Health Workers Protest Hospital Systems’ COVID-19 Vaccine Requirements

'Our Choice Has Been Stripped From Us,' Say Vaccine-Hesitant Hospital Employees Who Could Face Dismissal

A Nurse Practitioner, displays a COVID-19 vaccine card
In this Jan. 10, 2021 photo, Sarah Gonzalez of New York, a Nurse Practitioner, displays a COVID-19 vaccine card at a New York Health and Hospitals vaccine clinic in the Brooklyn borough of New York. Craig Ruttle/AP Photo

Health workers opposed to hospitals’ vaccine mandates held protests across Wisconsin on Tuesday. They say hospital systems’ requirements are an infringement on their free choice.

In Madison, several hundred people gathered at the state Capitol to protest.

Naomi, a registered nurse who traveled to Madison from Marathon City, was among those protesting. She declined to give her last name for fear of retribution from work. She said she respects those who want to get vaccinated against COVID-19, but she sees the issue differently.

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“It’s their choice if they choose to get it,” she said. “Every day in health care, we run across people that may have different views than we have, but we treat them respectfully. And we give them damn good care. And now, we are supposed to have something injected into our body or lose our job.”

Another nurse who attended the Madison protest, Stephani, who also only gave her first name, said she felt blindsided after providing care to COVID-19 patients for the last 18 months. As a traveling nurse based in Medford, Stephani said she went to work every day despite knowing the risks of contracting COVID-19.

“Now they want to fire us because we are skeptical, because we have our own opinions, because we want to make our own choice?” she said. “I was there for you. Who is there for me now?”

By 12:30 p.m., the protest had mostly dispersed.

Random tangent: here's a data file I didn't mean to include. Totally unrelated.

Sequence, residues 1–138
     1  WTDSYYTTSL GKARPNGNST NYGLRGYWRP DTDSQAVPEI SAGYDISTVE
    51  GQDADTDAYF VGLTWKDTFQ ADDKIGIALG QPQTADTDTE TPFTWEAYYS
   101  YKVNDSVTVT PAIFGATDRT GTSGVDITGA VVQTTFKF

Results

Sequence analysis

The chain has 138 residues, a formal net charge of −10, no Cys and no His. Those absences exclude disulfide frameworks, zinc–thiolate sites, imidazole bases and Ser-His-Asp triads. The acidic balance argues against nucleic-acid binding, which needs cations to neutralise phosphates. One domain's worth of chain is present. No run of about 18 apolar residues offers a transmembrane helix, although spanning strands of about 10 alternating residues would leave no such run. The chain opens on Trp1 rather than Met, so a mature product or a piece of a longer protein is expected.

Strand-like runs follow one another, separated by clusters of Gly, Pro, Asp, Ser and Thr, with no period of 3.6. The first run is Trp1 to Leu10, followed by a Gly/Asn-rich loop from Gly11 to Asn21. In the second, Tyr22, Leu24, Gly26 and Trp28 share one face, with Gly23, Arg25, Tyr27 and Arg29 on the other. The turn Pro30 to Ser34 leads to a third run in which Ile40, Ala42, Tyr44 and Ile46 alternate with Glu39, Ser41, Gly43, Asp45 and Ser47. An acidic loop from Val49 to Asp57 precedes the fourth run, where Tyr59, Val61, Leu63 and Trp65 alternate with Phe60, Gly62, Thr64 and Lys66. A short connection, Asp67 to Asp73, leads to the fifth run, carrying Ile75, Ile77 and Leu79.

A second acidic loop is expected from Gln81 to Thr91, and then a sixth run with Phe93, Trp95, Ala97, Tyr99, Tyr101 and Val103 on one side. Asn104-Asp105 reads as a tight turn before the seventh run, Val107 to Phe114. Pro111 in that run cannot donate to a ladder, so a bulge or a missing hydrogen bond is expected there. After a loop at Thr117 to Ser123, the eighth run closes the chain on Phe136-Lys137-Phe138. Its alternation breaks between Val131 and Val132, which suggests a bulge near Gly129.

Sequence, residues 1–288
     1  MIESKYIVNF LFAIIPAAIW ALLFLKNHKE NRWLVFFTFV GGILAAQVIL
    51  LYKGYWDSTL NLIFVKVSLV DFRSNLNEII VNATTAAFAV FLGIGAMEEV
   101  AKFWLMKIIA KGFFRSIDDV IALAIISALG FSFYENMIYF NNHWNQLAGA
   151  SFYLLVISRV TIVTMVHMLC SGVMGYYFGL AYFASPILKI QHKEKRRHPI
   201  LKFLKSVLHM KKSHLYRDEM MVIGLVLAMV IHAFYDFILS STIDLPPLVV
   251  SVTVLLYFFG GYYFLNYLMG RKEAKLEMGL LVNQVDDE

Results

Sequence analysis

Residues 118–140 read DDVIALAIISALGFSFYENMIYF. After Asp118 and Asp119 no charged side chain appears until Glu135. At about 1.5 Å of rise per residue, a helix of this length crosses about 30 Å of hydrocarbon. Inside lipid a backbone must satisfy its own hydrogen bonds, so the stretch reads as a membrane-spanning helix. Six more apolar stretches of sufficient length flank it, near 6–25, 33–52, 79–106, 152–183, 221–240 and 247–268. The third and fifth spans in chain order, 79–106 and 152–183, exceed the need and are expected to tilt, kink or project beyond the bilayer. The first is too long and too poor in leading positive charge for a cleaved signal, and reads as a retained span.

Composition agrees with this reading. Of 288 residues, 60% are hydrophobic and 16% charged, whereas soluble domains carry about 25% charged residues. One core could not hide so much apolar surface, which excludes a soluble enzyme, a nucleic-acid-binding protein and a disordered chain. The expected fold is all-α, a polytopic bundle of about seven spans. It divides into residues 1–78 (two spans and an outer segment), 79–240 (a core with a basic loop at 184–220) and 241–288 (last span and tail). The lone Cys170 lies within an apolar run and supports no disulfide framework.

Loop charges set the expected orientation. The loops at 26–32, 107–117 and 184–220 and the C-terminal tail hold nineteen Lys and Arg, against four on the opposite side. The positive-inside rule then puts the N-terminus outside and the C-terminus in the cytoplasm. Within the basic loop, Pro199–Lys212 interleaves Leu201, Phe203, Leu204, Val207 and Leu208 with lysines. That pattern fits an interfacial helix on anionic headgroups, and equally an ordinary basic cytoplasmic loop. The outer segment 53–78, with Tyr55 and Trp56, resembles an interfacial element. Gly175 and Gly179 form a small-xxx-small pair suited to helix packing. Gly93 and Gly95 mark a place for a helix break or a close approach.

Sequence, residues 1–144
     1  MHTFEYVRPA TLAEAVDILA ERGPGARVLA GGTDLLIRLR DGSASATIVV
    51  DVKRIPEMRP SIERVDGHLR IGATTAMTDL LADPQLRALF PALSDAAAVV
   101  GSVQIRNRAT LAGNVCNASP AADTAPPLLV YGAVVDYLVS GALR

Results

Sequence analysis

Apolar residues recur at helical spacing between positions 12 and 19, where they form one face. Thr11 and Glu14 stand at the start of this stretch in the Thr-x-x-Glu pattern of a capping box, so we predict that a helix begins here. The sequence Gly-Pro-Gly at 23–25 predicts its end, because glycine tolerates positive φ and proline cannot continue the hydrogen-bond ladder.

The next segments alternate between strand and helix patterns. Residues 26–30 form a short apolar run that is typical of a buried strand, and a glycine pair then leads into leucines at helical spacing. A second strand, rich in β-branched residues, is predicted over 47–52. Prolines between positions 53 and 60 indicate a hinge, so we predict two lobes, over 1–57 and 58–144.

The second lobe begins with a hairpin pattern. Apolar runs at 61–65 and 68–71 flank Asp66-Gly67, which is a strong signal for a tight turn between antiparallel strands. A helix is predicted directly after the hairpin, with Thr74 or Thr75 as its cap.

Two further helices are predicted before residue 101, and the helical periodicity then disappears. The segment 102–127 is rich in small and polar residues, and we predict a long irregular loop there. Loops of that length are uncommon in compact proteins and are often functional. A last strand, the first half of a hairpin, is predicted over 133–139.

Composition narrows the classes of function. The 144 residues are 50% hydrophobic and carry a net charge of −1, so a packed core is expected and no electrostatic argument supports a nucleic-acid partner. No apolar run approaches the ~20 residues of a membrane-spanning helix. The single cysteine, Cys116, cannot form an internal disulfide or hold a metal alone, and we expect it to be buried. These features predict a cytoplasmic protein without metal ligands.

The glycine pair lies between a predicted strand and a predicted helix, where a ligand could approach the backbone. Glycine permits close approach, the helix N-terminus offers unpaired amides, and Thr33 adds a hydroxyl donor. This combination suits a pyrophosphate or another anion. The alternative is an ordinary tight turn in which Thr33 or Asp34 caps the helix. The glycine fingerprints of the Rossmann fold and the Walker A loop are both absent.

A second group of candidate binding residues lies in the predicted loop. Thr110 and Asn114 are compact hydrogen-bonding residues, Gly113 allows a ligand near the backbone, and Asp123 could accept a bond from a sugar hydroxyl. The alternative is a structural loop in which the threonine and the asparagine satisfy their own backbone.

It wasn’t the only protest in the state. Health care workers gathered in Fond du Lac on Tuesday, in Grafton on Friday and planned a Green Bay protest for Wednesday.

The protests followed a wave of announcements by hospital systems in the state that they would require employees to be vaccinated or face dismissal. It’s a position supported by the Wisconsin Nurses Association, the Wisconsin Medical Society and a host of other organizations on the grounds that the vaccines protect both patients and health care workers from serious complications and death from the disease.

Wisconsin law already requires that hospital workers be vaccinated against other infectious diseases, including measles, and employer mandates of the COVID-19 vaccine have been upheld in court. On Monday, Washington state made it law that health care workers need to get the vaccine.

But there is a vein of opposition to vaccine mandates, in Wisconsin and across the country. A number of Republican-controlled states have passed laws banning employers from requiring COVID-19 vaccinations. In Wisconsin, state Senate Majority Leader Chris Kapenga, R-Delafield, on Friday issued a statement in support of protests.

“I want to encourage the groups that are forming to stick to your principles and don’t give in!” Kapenga said. “Based on what I am seeing, it will be impossible for the hospital system to function without you.”

In a subsequent interview with the Milwaukee Journal Sentinel, Kapenga denied that he was calling on workers to strike or walk out of their jobs.

Jeanette Deschene, who works as a financial advocate with Aurora Health in Manitowoc, said she plans to attend Wednesday’s Green Bay protest. She’s asking for flexibility for health care workers — for example, requirements that unvaccinated workers wear additional personal protective equipment when they interact with patients — rather than a mandate that would force workers to choose between their jobs and their vaccine status.

Deschene had COVID-19 in 2020, and still has long-term symptoms from the disease. She is wary of potential long-term effects from the vaccine.

Health workers “share the same frustrations, we share the same fears, we share the same concerns as the general public, as the patients that we’re serving, because we are patients too,” Deschene said. “But our choice has been stripped from us.”

About 53 percent of Wisconsin’s population has received at least one dose of the vaccine, according to state data. The number of new COVID-19 infections in Wisconsin has risen dramatically in the last month as the new, more contagious delta variant of the disease has spread. The state is now averaging more than 1,100 new cases per day.